If ever you are trapped in a hotel or hospital room and feel too ill-disposed or lethargic to read or write or engage in profound conversation with visitors (if anyone is foolish enough to visit you), you may wish to tune into one of several channels available to TV viewers that dish up potted histories of the twentieth century and are aimed, no doubt, at pensioners, or those of us who are infirm or bedridden or terminally idle, and who grew up in the shadow, even the distant shadow, of World War Two. Given that the Brits in general are morbidly obsessed with their performance in said war (I don’t think the Russians, for example, are so confused about their actual contribution), and given that it was the last occasion in which the citizens of these islands ‘pulled together’ as my mother was fond of reminding us, I personally have no difficulty in enduring hour upon hour of such documentary, especially those that delve deeply within the dark underworld of the Nazi party and its extraordinarily mediocre and sinister leadership. Perhaps this paradox is what most intrigues us. A favourite topic of these programmes seems to be ‘the plot to assassinate Hitler’, and the various theories about the involvement in such activities of the Desert Fox, General Erwin Rommel, who was ‘urged’ to commit suicide by Adolf Hitler, in order to avoid the negative publicity that would doubtless have redounded on the leadership if it were known that a war hero of Rommel’s stature were involved in the assassination attempt.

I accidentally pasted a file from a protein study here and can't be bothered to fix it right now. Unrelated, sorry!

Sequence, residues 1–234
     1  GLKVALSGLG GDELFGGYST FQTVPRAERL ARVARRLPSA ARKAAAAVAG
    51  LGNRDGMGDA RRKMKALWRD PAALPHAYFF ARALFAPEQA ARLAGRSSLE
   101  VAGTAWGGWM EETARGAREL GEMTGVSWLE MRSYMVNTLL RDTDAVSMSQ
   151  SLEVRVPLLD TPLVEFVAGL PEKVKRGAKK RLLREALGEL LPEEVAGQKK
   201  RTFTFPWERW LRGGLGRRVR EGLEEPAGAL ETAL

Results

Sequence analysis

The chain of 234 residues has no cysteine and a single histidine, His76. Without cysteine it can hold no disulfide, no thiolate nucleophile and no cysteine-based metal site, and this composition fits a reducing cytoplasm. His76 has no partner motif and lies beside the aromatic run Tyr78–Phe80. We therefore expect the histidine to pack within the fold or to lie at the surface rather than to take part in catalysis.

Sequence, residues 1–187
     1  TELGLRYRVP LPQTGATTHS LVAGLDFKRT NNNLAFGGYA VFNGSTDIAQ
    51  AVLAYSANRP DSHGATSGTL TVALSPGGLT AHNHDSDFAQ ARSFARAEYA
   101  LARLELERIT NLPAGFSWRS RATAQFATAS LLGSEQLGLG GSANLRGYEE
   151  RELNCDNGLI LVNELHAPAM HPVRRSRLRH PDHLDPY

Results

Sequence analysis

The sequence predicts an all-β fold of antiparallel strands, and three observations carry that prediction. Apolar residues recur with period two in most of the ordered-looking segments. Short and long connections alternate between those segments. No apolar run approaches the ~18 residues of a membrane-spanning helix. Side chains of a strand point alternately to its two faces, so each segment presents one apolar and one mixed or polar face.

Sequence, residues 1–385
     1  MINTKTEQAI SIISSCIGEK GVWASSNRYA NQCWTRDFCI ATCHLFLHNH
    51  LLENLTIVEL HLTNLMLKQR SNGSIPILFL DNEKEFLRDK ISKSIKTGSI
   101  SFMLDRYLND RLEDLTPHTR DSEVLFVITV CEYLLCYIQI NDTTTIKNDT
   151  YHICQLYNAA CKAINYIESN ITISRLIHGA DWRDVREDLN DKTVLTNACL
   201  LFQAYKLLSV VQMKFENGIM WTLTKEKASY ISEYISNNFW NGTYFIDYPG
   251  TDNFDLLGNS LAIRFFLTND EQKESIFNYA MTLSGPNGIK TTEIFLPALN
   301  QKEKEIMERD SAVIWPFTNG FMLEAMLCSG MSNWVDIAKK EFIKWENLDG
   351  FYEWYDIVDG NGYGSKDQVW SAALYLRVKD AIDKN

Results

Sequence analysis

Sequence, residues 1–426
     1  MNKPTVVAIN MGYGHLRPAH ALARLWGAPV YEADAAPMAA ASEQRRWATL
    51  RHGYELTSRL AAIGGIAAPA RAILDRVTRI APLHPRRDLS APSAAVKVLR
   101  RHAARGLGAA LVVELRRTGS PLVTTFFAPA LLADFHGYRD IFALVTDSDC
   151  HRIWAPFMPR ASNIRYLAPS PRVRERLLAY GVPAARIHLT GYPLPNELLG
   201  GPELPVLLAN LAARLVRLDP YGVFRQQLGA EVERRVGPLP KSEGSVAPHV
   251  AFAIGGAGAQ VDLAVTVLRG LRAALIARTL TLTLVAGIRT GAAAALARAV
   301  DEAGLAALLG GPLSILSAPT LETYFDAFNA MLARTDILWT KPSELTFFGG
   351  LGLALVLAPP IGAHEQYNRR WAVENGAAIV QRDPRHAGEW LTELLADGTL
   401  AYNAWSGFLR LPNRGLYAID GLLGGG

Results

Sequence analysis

The other day, watching a programme about German POWs in England at the end of the war, I was reminded of an anecdote of my father’s. He was, for a while, medical officer at the POW camp based in Dover Castle. One morning, during surgery, a German soldier asked, through the interpreter, whether my father thought the state of his uniform befitted an officer of His Britannic Majesty’s Forces. My father, for whom sartorial matters were never of paramount importance, was rather taken aback by the audacity of the question, and asked the soldier why he thought it appropriate to comment on his state of dress. The soldier replied that he was simply trying to be of service, that he had served as personal tailor to Field Marshal Rommel, and was willing to make the Herr Doktor the most presentable officer in the British army, for the price of only two packs of cigarettes. My father, who didn’t smoke, reckoned this was a good deal, and handed over his uniform to the man, who duly returned it, immaculately re-tailored. He was so pleased with the result that he remained, for the duration of his stay at Dover, in the care of Rommel’s tailor for all matters of couture.